It has been 20 years since Gareth Southgate broke the hearts of millions of expectant England supporters in the Semi-finals of Euro 1996 by missing the crucial fifth penalty. From that moment, the fate of the England team has be underwhelming to say the least.
Penalty heartbreak in 1998, Phil Neville in 2000, Ronaldinho in 2002, penalty heartbreak part two in 2004, Cristiano Ronaldo in 2006, Steve McClaren in 2008, Germany (and the linesman) in 2010, penalty heartbreak part three in 2012 and… well, let’s just forget about 2014.
All of the aforementioned daggers that ploughed vehemently into the hearts of Three Lions fans over the past two decades have left many cynical about seeing any international success for a long while… and for very good reason.
However, every proud Englishman brutishly clings to any threadbare sense of optimism they can find before major tournaments, which usually comes in the form of a young, untested talent.
How many times have us English found ourselves screaming at the television, hoping that the lads can hear us in Brazil or Japan? Never more so than with Roy Hodgson’s brand of conservative football which leads to many pubs around the nation being filled with quips such as “Just run at them”, “get forward”, “SHOOT!… Please!”.
This is perhaps the reason why we all heap expectation onto the fresh-faced, young English stars in international tournaments. The ability to play directly, with no fear, often with frightening pace and a desire to take people, on sits well with England fans, who have had to put up with ‘almost’ for far too long.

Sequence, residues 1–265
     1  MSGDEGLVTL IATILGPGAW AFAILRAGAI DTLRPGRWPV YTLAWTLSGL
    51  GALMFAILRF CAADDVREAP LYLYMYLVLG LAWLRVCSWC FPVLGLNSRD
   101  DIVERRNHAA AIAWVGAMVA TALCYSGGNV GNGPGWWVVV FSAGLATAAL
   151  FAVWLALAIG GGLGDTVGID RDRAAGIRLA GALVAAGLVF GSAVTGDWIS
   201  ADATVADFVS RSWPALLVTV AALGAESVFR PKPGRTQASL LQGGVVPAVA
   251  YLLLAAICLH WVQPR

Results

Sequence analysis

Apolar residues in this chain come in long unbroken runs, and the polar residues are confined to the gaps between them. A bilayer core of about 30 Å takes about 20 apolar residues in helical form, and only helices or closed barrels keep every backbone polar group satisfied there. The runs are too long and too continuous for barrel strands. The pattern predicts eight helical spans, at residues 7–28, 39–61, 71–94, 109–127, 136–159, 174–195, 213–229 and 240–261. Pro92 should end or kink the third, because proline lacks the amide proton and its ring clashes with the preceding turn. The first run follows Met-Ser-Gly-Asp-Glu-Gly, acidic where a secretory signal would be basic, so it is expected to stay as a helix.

In 1998, an 18-year-old Michael Owen lit up the World Cup in France with his stellar displays. He was the toast of English football.
In 2004, Wayne Rooney, at just 17, was our top scorer in the European Championship in Portugal.
And now, in 2016, Marcus Rashford look set to be the man (or boy) to become the new saviour.
However, while both Owen and Rooney made instant impacts at these tournaments, they never reached those heights in World Cups or European Championships again. Did the pressure of becoming the new footballing sensation on these shores take its toll?
Ultimately, it is not the youngsters who have to impress us in these tournaments, it is the likes of James Milner, Jordan Henderson and Gary Cahill. These are the men who have felt the pressure of World Cups and European Championships and should carry the nation’s weight of expectation on their shoulders.
So, before we are inevitably knocked out of this summer’s EUROs (on penalties… probably by Germany), let’s judge the senior members of the squad, rather than piling more pressure on the younger lads who are the future of our international game.